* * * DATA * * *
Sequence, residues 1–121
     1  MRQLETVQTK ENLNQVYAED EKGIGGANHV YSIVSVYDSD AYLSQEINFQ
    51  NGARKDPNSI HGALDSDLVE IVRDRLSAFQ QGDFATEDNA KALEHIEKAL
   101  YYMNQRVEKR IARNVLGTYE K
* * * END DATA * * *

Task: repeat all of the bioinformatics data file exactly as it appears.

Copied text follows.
Sequence, residues 1–121
     1  MRQLETVQTK ENLNQVYAED EKGIGGANHV YSIVSVYDSD AYLSQEINFQ
    51  NGARKDPNSI HGALDSDLVE IVRDRLSAFQ QGDFATEDNA KALEHIEKAL
   101  YYMNQRVEKR IARNVLGTYE K